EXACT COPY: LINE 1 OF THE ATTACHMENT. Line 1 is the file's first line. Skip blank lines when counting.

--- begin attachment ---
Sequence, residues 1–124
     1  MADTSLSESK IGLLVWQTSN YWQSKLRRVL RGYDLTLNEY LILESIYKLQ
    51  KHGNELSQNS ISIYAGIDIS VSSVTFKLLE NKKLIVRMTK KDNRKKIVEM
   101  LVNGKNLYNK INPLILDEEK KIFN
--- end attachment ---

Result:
Sequence, residues 1–124